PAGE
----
It was only a matter of time post the Covid-19 era that the issue of vaccinations would be before the Family Court for judicial determination. In the recent case of Makinen & Taube  FCCA 1878 Judge Taglieri of the then Federal Circuit Court of Australia (now Federal Circuit and Family Court of Australia) heard a father’s application to have sole parental responsibility in respect of decisions regarding immunisations and vaccinations for the parties two children aged 12 and 8. The mother opposed any vaccination and relied on literature which reported on the harm that vaccinations can bring to children.
The father won his application with the Court ruling that the mother’s opposition to vaccination was based on genuine but unreasonably held beliefs. Read on for more details.
Under the Family Law Act 1975 parental responsibility means “all the duties, powers, responsibilities and authority which, by law, parents have in relation to children”. Parental responsibility incudes the power over vaccinations and medical treatment for children. Under the Family Law Act 1975, there is a presumption that both parents have equal shared parental responsibility requiring the parents to consult with each other and make a genuine effort to come to a joint decision about major long term issues in relation to the children. However, the Court can order that one parent have sole parental responsibility for all major long term issues or for particular issues. In the case of Makinen & Taube, the father sought sole parental responsibility for the one particular issue of immunising/vaccinating the children.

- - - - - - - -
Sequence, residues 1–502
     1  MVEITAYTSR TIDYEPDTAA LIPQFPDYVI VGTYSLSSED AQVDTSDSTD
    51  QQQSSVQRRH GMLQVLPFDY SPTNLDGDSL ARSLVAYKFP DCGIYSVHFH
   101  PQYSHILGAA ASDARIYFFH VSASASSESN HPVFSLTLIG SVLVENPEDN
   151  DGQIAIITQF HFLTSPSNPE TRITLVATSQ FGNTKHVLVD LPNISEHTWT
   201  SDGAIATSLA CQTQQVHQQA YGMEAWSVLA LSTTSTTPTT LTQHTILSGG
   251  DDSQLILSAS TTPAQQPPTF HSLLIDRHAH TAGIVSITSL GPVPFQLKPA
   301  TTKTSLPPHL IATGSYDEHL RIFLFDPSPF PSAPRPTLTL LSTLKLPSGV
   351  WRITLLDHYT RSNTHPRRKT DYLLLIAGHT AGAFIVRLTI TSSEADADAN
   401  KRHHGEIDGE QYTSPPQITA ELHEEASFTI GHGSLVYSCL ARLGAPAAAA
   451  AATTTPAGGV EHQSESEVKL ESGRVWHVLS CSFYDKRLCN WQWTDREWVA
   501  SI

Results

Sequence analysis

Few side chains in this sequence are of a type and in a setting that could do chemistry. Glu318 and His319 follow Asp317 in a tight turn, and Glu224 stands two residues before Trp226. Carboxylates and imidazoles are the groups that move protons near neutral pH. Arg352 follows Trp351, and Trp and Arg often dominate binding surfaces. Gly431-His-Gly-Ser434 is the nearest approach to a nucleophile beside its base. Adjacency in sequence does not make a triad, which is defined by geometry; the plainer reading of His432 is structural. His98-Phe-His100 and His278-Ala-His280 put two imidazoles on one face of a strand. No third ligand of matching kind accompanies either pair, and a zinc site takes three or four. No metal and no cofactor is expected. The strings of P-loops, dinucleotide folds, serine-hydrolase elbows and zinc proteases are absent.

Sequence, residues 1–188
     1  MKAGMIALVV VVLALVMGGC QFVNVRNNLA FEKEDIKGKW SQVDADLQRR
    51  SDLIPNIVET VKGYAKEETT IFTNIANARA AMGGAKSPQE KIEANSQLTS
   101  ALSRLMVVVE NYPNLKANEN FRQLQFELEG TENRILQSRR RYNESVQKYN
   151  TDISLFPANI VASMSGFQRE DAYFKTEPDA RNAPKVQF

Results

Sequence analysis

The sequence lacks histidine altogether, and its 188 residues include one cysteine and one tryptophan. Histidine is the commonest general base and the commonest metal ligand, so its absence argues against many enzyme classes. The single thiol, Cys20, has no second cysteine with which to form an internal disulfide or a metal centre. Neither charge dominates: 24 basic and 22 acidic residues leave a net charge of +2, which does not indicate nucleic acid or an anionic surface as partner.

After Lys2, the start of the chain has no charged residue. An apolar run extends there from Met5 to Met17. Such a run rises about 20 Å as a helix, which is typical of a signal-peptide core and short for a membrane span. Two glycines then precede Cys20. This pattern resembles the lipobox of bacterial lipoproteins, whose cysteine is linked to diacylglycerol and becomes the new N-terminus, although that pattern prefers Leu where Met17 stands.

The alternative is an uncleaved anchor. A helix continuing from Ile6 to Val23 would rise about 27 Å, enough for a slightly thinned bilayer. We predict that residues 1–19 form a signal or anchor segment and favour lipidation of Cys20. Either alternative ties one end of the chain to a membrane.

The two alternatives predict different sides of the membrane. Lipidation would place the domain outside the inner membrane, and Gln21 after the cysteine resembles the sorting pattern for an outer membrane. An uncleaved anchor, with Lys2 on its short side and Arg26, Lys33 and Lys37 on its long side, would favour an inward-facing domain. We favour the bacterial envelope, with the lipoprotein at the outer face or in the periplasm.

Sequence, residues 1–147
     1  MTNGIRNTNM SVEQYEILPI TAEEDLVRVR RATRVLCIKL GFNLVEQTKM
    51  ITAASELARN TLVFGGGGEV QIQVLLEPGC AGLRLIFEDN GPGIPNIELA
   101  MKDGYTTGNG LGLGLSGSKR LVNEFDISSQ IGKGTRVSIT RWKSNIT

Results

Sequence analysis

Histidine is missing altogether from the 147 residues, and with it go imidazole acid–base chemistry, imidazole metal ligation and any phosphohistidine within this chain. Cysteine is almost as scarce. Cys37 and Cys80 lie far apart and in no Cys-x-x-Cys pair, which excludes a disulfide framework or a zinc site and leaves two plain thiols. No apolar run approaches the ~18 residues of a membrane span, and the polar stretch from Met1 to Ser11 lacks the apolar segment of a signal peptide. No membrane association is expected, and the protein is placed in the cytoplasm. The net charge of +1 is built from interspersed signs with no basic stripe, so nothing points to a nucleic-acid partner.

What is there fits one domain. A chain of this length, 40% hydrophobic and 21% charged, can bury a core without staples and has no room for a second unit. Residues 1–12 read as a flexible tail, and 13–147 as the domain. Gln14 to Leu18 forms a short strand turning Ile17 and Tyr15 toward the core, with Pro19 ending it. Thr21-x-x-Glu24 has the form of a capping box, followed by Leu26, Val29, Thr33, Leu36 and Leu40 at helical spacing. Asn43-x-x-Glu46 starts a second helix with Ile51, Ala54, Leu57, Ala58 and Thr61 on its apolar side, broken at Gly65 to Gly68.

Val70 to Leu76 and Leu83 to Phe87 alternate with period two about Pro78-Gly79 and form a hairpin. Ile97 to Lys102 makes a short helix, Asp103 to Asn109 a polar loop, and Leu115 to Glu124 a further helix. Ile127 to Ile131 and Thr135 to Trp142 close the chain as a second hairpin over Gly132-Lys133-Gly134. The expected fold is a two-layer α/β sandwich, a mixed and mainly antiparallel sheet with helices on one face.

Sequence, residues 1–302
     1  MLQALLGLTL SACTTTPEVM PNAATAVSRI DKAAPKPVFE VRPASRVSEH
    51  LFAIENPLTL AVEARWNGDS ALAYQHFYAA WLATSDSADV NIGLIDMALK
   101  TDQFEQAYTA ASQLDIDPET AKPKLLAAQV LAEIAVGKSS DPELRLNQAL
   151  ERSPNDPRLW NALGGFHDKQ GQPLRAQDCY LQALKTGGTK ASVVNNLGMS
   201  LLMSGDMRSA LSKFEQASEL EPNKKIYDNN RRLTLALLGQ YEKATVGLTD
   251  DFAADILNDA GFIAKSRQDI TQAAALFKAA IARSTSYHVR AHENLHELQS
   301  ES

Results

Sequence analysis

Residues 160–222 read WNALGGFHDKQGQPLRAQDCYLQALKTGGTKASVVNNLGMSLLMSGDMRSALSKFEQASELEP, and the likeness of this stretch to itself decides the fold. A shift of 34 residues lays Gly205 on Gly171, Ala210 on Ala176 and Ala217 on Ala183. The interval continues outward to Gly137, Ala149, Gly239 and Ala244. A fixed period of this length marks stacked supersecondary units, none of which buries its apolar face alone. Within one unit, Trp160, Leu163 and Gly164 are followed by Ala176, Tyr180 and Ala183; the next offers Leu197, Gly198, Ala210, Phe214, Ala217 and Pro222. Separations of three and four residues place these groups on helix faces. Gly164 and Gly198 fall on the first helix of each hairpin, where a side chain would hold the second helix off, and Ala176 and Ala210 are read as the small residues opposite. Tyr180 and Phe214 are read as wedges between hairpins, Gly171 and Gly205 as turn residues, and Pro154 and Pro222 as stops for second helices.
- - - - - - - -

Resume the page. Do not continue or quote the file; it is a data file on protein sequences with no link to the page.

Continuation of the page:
The Mother’s Case (Opposing Vaccinations)
The mother sought to rely upon many factors to support her position against vaccinations which included:
- The father had not mentioned his opinion on vaccinations after separation.
- The father never asked for a Medicare card nor told her that he would be taking the children to be vaccinated.
- During their relationship the father had not expressed a wish to care for the children’s health nor taken them to medical appointments.
- She was the primary carer for the children and still is and that the father had little involvement in their care.
- The mother relied on the Australian Immunisation Handbook which reports “it is usually not possible to predict whether an individual group will react to a vaccine, or whether the reaction will be mild to serious”. She argued that this demonstrated that a vaccine is not safe for her children.
- The mother asserted that she had studied the medical research which concluded that there is greater susceptibility to adverse effects from vaccinations in children who have a parent with an autoimmune disease and she stated that she had such disease of the thyroid.
- That about 5% of the population is unvaccinated.
- The mother was also concerned about the risk of psychological harm to the children through being forcibly vaccinated.
The Father’s Position (Pro-vaccination)
The Orders sought by the father, if made, were to have sole decision making concerning immunisation/vaccination of the children.
The father, like the Independent Children’s Lawyer in this matter, relied upon the recommendations of the Family Consultant who commented: